Story at a glance
- Collins said at least four to five COVID-19 vaccines “look pretty promising.”
- About a dozen potential vaccines are in the first stages of testing or are set to begin small safety studies in humans to evaluate possible problems and immunity.
- President Trump Friday formally announced a public-private partnership to develop a vaccine as part of “Operation Warp Speed.”
National Institute of Health (NIH) Director Francis Collins said at least four to five COVID-19 vaccines “look pretty promising” and wide-scale testing could begin with one or two by July, according to the Associated Press (AP).
“The big challenge now is to go big and everybody is about ready for that. And we want to be sure that happens in a coordinated way,” Collins told the AP in an interview Thursday.
About a dozen potential vaccines are in the first stages of testing or are set to begin small safety studies in humans to evaluate possible problems and immunity. Among those include a vaccine candidate created by NIH and Moderna Inc., and another created by Oxford University, according to the AP.
Scientists at the University of Oxford posted results of a small study conducted in rhesus macaques monkeys to bioRxiv. The study found the experimental vaccine appeared to block the coronavirus in the animals. Clinical human trials of the vaccine are ongoing.
Collins told the AP that as tests are showing some promise, “until you put it into the real world and check it out you don’t really know. You can’t skip over that really, really hard part of testing this in thousands and thousands of people.”
Questions about an adequate vaccine include how older adults and those with chronic health issues will respond to it.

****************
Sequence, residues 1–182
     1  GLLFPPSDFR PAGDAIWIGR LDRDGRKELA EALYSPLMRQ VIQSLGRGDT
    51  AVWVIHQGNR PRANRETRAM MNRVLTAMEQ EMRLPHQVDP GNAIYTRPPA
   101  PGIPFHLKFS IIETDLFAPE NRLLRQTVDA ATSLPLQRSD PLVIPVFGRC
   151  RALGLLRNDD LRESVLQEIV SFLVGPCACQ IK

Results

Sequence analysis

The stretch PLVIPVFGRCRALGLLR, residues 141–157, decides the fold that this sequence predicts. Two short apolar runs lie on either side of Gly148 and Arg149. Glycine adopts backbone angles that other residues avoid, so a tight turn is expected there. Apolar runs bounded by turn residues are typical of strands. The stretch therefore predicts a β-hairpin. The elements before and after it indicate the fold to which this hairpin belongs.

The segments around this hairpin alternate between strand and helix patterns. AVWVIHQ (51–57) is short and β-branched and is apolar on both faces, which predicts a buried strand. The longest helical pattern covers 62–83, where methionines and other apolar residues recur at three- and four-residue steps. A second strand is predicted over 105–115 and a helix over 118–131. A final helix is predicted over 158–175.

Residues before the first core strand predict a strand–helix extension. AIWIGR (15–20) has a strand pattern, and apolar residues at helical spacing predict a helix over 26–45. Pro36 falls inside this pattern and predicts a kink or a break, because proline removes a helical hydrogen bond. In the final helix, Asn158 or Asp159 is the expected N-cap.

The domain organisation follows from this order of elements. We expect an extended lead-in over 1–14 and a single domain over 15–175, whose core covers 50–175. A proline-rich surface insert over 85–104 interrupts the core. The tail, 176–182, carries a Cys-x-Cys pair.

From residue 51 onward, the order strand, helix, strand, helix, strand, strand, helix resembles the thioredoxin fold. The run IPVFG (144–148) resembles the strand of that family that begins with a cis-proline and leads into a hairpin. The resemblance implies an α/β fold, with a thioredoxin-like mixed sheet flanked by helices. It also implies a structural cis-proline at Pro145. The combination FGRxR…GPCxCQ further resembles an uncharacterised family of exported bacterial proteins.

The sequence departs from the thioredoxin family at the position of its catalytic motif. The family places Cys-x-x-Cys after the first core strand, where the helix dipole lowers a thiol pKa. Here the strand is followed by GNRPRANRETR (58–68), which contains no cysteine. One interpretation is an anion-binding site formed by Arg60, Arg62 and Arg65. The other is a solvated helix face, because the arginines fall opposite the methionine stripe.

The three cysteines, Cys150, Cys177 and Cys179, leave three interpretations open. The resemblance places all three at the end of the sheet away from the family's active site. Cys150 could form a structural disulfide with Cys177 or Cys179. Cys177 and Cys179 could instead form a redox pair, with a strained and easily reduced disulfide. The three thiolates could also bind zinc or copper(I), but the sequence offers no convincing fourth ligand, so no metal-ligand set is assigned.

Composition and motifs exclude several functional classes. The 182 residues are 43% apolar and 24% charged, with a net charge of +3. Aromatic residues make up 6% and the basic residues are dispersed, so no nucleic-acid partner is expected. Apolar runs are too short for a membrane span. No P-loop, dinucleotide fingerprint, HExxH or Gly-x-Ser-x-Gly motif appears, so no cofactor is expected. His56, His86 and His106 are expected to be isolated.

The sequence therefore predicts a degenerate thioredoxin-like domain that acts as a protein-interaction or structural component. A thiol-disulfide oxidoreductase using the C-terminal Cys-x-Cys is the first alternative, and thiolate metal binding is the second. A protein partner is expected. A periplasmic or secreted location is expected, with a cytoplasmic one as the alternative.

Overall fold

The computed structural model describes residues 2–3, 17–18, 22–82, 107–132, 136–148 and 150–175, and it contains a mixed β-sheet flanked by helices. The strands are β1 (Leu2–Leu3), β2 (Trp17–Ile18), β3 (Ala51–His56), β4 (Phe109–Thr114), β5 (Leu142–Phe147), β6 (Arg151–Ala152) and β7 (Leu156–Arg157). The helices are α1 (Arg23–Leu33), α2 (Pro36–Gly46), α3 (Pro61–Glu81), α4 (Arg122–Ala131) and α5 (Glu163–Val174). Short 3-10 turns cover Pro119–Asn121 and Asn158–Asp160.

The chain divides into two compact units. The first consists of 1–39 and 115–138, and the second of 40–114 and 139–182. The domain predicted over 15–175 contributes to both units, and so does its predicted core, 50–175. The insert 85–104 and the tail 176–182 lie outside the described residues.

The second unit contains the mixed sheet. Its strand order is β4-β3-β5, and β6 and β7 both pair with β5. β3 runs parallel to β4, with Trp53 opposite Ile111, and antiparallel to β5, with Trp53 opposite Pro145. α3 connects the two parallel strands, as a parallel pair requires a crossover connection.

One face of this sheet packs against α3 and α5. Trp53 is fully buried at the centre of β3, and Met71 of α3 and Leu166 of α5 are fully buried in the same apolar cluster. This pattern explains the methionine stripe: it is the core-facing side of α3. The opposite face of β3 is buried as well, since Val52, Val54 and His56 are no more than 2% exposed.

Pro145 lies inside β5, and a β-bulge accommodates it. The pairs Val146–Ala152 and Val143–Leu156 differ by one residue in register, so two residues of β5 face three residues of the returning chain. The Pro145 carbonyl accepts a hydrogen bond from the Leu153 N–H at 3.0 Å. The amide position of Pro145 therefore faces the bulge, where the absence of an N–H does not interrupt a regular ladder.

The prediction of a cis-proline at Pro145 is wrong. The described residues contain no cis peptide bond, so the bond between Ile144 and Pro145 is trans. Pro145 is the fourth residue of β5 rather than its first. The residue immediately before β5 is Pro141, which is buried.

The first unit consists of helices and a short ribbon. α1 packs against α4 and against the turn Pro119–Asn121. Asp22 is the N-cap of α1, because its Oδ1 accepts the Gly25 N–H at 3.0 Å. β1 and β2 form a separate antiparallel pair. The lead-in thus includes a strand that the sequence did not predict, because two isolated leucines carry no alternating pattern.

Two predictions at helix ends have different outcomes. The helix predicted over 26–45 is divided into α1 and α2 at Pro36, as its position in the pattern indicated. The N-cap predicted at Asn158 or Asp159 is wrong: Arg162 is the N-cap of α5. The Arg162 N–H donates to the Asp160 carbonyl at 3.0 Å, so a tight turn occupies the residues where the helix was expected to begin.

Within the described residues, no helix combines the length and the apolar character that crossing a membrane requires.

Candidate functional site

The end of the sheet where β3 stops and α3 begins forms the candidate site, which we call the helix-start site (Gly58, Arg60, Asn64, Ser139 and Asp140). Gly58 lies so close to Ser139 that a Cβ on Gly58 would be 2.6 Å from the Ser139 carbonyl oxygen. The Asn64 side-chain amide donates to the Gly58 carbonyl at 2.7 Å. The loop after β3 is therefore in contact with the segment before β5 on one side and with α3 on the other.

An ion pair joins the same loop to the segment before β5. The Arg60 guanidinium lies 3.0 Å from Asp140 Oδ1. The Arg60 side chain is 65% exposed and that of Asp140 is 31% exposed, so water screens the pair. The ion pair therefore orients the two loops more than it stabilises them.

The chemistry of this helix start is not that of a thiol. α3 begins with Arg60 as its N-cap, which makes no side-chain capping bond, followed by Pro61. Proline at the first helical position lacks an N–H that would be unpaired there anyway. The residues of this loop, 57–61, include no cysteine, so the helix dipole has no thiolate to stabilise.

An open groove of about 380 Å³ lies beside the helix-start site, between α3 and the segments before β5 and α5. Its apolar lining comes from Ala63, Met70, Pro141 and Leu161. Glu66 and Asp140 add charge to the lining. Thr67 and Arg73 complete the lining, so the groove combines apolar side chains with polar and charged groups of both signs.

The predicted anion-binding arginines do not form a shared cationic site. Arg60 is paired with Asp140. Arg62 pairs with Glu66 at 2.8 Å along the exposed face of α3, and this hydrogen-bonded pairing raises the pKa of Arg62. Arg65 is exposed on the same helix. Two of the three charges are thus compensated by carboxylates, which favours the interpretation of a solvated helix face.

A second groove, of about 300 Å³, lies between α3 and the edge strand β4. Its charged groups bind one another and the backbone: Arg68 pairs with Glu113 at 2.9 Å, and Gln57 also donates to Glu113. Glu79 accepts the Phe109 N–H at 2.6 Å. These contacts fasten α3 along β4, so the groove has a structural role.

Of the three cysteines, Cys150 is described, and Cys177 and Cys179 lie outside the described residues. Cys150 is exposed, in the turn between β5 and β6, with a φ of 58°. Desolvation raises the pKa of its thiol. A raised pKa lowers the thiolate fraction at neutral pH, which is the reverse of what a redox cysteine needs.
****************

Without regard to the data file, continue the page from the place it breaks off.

“If you had a vaccine that only worked for 20-year-olds and didn’t work for 70-year-olds, that would not be a success,” Collins said.
While Collins says it's possible a vaccine could be developed by the end of the year, he said manufacturing hundreds of millions of doses by January will be a “heck of a stretch,” according to Business Insider.
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President Trump Friday formally announced a public-private partnership to develop a vaccine as part of “Operation Warp Speed,” the government’s effort to speed up the development of potential coronavirus vaccines.
“This is an endeavor unlike anything our country has seen since the Manhattan Project,” Trump said Friday during a news conference in the White House Rose Garden.
The effort will be led by Moncef Slaoui, the former head of GlaxoSmithKline’s vaccines division, and Army Gen. Gustave Perna.
Slaoui said during the news conference that early data from clinical trials has made him confident “we will be able to deliver a few hundred million doses of vaccine by the end of 2020.”
Trump said Operation Warp Speed not only entails the development of a vaccine, but also production and distribution.
Health experts have said that a vaccine can take 12 to 18 months to develop, with some cautioning that that timeline is optimistic.
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